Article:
Here's more from Doug Sellman on soft drink addiction (and other addictions):
Sellman says those 49 foods are the most addictive. The list includes quiche, sausages, salami, and muesli. If I eat enough quiche, I could trigger genetic switches that will turn me into a dehumanised craver of quiche.* We really ought to remember how Sellman sets the bar on addiction whenever we read him about what has to be done about alcohol, tobacco, fatty foods, soft drinks, muesli, or pastries, or when he compares companies selling unhealthy food to drug dealers. Human agency disappears in his model pretty quickly.People needed to find an activity pleasurable to want to repeat it. If they repeated it enough, it would become a habit, which could then become an addiction.
"As they're doing that there are genetic switches that change free will into a dehumanised state of drug craving and compulsion."Christchurch-based researchers at the University of Otago developed a new list of 49 foods people should avoid and published their findings in the New Zealand Medical Journal earlier this year. The list is of the most addictive foods, Sellman said.The foods were energy and calorie dense, high in fat and/or added sugars, prepared using a high fat cooking method such as frying or roasting, or low in essential nutrients.They included muesli bars, ice cream, cakes, chocolate, doughnuts, jam, honey, pies and pastries. Energy drinks, cordial and fruit drinks also made the list. [EC: updated the link to one that works, emphasis added]
Meanwhile, the anti-tobacco folks are pushing not just for plain packaging, discussed last week, but also for some seriously large excise tax increases. 3 News says the Ministry of Health is pushing for $100 per pack prices. And, helpfully, they've linked the OIA-released MoH advice to the Minister of Health.
The MoH document wasn't nearly as bad as I'd expected.** Instead, it looks like they've commissioned NZIER to do some work on what would actually be necessary to achieve the National-led coalition's goal of a tobacco-free New Zealand by 2025. Unsurprisingly, it'll take some pretty big policy changes: large tax increases, lots of anti-tobacco advertising, and potentially stronger alternative measures. I think at paragraph 6 they might be alluding to tobacco by prescription only when they say "At what point might it be preferable to consider alternative approaches, eg. a new regulatory regime that stringently controls tobacco as a highly toxic, hazardous substance and/or as an extremely addictive, harmful drug?"
At paragraph 54, MoH notes the potentially regressive nature of the excise increase but argues "although the tobacco tax is of itself regressive, increases in the tobacco tax are actually progressive." This might actually be true at the tax levels they're talking about. Marginal changes in tobacco excise are highly regressive; few people quit relative to the increase in tax paid by poor smokers who continue smoking. The O'Dea report said that even a 50% increase in tobacco prices would see 36,990 non-quitting Decile 1 households each spend an extra $928 per year while an estimated 4,110 quitting Decile 1 households would save $2,981; the poorest cohort then winds up spending a net extra $22 million in tobacco excise while decile 10 households spend a net extra $31 million. Excise hikes of the magnitudes being thrown around could conceivably wind up reducing total tobacco excise paid by low decile groups. But they would have other problems:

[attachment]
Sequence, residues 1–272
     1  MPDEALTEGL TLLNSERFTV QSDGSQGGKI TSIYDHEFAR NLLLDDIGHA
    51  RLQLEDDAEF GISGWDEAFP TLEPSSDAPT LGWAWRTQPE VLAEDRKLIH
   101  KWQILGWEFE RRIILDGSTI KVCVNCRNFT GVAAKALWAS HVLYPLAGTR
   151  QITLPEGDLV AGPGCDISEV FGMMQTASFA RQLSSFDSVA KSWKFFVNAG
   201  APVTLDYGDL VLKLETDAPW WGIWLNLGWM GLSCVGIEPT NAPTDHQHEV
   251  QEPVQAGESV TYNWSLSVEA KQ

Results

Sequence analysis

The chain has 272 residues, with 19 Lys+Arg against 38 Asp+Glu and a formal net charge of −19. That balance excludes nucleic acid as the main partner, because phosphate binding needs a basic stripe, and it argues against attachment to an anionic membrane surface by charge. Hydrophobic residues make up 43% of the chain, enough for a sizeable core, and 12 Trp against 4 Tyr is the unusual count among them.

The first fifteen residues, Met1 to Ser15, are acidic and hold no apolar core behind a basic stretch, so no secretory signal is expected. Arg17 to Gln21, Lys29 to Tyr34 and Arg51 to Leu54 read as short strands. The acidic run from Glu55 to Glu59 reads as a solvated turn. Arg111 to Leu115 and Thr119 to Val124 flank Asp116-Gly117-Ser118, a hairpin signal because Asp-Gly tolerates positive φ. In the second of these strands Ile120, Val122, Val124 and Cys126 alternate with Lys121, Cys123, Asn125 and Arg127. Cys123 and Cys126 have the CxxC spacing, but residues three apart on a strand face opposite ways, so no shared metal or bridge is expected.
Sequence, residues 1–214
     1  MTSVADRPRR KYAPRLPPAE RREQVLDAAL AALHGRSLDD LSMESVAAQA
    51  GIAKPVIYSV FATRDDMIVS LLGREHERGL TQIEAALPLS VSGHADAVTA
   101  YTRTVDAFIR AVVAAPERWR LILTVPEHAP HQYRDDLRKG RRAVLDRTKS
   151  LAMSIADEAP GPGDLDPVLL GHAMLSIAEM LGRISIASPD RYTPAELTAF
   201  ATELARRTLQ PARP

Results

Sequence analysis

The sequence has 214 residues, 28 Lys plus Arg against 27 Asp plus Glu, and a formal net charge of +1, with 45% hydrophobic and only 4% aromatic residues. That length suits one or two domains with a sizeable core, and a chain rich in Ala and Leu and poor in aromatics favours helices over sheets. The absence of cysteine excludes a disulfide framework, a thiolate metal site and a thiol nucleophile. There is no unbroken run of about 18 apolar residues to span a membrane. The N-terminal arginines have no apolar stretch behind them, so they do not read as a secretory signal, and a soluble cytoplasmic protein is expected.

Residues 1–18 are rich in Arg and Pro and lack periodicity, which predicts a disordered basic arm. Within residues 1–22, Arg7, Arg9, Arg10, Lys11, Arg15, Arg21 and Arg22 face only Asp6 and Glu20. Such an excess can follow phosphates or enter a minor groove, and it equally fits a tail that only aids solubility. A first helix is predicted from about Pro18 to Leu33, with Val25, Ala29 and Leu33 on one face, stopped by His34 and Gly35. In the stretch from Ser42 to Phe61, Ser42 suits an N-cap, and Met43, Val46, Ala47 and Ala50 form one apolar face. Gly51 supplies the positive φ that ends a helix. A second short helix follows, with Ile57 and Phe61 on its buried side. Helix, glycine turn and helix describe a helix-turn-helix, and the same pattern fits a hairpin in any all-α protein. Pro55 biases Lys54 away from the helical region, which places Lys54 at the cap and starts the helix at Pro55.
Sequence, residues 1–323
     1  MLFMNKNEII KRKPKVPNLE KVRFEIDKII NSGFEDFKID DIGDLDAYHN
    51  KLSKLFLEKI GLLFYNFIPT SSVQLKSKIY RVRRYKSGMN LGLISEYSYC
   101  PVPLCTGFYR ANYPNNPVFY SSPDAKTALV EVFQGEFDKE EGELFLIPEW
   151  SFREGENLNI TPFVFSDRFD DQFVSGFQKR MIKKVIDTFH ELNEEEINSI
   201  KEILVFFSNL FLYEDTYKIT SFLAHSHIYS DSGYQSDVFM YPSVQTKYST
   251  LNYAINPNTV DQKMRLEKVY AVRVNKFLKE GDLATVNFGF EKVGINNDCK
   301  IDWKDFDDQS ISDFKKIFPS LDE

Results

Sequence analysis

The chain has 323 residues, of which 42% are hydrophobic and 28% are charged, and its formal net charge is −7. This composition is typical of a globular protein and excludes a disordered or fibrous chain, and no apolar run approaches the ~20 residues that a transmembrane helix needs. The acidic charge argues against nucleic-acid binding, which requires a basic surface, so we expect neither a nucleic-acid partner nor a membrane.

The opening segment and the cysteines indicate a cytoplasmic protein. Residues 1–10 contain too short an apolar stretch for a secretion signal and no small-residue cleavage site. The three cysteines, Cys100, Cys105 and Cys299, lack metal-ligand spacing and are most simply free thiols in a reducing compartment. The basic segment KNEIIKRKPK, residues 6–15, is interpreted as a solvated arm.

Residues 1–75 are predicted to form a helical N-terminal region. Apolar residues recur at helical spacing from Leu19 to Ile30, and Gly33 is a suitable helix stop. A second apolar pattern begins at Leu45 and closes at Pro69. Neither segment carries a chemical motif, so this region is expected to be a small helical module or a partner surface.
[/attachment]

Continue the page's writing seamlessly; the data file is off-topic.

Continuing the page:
I don't put a lot of weight on concerns that plain packaging legislation would lead to counterfeiting and smuggling; at least I'm not yet convinced of it. Is it really that hard currently to print fake labels for cigarette packets or to put anti-counterfeiting features into plain cigarette packs? But $100 packs of cigarettes have to yield a fair bit of home-grown tobacco outside of the excise regime and a fair bit of smuggling.***A leading academic says an extreme increase in the price of cigarettes could lead to black market dealing.Speaking in response to a Ministry of Health discussion to raising the cost of a packet of cigarettes to $100 over the next eight years, Otago University health economics lecturer Des O'Dea said: "We all remember the days of prohibition in the United States and what that did to foster organised crime.""While I don't think it would be anywhere near the scale of that, we could well see raids on retailers and a black market develop for cigarettes," he said.
Hopefully making it clear just what is needed to achieve the SmokeFree 2025 goal will have the government think again about the whole thing.
* I choose to avoid this risk, preferring the perilous whole milk and butter. I fear for Seamus though.
** I've read it twice, and I can't find a single reference to the "costs of smoking" number that MoH had been pushing a couple of years ago. Matthew Everett's the MoH contact person on the briefing document and is presumably the same Matthew Everett with whom I'd had fairly extensive discussion about the MoH's figure at the time. I'm glad to see that MoH doesn't seem to be pushing that figure any longer in its policy recommendations.
*** For both alcohol and tobacco, if anybody has ever seen estimates on the elasticity of informal supply through home production or smuggled goods with respect to excise changes, I'd love to see it. I worry that measured estimates of price elasticity of demand might overstate actual consumption decreases if there are reasonable shifts into illicit supply.